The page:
A model is considered in which optimal search intensity is a result of a trade-off between short-run losses due to higher search costs (more interviews, commuting, etc.) and long-run gains due to a higher chance of finding a job. We show that this optimal search intensity is higher in areas characterized by larger cost of living and/or higher labor market tightness. This model is then tested for England on a panel of sub-regional data. Controlling for unobserved heterogeneity between areas and other endogeneity issues, both the local cost of living and the local labor market tightness are found to have a positive and significant effect on jobless average search intensity.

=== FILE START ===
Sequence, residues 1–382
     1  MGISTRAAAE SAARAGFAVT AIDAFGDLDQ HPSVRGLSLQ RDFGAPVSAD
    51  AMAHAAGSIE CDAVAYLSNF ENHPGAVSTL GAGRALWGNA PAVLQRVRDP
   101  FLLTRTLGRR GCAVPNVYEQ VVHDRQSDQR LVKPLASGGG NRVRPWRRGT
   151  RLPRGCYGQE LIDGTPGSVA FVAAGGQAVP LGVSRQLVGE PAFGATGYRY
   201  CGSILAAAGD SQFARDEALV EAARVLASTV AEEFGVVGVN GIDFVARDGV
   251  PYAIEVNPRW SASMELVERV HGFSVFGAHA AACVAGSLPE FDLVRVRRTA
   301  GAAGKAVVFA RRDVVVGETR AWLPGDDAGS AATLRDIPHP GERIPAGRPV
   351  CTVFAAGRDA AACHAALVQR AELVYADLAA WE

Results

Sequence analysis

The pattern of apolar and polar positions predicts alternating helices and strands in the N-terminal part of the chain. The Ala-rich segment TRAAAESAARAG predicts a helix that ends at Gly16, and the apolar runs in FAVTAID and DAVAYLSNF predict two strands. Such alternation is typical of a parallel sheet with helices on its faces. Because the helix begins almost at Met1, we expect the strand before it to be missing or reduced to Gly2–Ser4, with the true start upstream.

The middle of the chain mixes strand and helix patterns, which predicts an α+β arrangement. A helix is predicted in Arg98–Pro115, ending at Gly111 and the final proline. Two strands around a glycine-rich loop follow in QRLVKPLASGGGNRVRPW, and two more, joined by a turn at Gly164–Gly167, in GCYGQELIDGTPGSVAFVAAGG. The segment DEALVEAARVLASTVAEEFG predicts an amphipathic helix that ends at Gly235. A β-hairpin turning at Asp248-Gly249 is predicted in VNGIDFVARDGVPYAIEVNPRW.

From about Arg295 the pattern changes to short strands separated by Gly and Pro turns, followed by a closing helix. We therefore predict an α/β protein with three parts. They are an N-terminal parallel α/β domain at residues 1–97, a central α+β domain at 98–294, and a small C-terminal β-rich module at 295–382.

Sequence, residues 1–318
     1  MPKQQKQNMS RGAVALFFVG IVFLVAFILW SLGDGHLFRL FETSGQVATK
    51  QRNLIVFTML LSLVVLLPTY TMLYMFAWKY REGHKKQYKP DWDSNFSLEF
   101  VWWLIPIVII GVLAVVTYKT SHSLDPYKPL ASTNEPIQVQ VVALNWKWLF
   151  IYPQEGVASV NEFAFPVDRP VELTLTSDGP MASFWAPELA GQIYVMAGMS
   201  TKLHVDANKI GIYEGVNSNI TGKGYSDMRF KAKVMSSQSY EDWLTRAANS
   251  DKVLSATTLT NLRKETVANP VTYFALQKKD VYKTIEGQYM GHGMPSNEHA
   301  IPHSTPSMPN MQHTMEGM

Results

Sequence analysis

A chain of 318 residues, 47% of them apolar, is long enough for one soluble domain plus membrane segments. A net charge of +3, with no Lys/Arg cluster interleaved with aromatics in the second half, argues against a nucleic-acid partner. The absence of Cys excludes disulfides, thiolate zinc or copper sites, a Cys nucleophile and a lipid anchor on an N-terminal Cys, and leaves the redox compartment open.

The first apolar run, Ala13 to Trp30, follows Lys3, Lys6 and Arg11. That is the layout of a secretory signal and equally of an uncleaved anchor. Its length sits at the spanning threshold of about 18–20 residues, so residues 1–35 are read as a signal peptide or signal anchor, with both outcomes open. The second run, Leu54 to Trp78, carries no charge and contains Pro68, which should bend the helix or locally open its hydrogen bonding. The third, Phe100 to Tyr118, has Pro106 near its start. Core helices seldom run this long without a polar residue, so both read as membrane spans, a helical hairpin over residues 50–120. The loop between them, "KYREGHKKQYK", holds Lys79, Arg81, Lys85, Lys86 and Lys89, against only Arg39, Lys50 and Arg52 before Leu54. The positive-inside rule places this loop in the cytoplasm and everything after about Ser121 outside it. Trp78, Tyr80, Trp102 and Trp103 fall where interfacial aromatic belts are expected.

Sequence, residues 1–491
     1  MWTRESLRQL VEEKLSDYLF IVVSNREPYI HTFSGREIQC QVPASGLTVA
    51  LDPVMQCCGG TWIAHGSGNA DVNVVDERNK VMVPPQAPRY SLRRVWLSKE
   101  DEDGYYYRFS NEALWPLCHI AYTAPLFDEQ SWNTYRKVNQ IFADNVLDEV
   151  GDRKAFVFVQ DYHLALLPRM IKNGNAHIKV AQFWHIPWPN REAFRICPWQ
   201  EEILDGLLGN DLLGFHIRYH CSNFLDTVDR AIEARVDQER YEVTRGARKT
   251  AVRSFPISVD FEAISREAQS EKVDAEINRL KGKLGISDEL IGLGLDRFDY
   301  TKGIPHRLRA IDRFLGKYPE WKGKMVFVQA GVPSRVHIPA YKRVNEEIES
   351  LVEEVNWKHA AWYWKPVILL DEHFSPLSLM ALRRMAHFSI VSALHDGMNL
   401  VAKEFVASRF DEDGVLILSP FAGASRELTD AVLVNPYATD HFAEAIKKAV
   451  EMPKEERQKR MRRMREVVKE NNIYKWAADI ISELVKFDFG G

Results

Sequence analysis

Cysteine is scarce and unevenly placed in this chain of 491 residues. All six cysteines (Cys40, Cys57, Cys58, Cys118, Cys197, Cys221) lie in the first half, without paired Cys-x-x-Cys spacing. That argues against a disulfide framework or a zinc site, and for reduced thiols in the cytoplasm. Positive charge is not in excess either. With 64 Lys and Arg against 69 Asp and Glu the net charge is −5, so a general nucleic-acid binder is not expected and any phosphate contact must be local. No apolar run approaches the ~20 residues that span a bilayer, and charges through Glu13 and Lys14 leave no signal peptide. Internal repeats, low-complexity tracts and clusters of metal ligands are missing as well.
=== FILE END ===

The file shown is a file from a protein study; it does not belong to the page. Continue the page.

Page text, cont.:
|Number of pages||22|
|Journal||Regional Science and Urban Economics|
|Publication status||Published - 1 Mar 2006|
- Job matching
- Panel data
- Search intensities